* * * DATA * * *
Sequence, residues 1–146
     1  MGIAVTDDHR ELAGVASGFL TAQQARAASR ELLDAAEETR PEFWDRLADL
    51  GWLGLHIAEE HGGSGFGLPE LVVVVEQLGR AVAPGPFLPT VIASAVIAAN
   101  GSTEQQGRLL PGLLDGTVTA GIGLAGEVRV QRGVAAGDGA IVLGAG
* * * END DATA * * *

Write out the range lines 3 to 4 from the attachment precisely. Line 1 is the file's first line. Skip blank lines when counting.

    51  GWLGLHIAEE HGGSGFGLPE LVVVVEQLGR AVAPGPFLPT VIASAVIAAN
   101  GSTEQQGRLL PGLLDGTVTA GIGLAGEVRV QRGVAAGDGA IVLGAG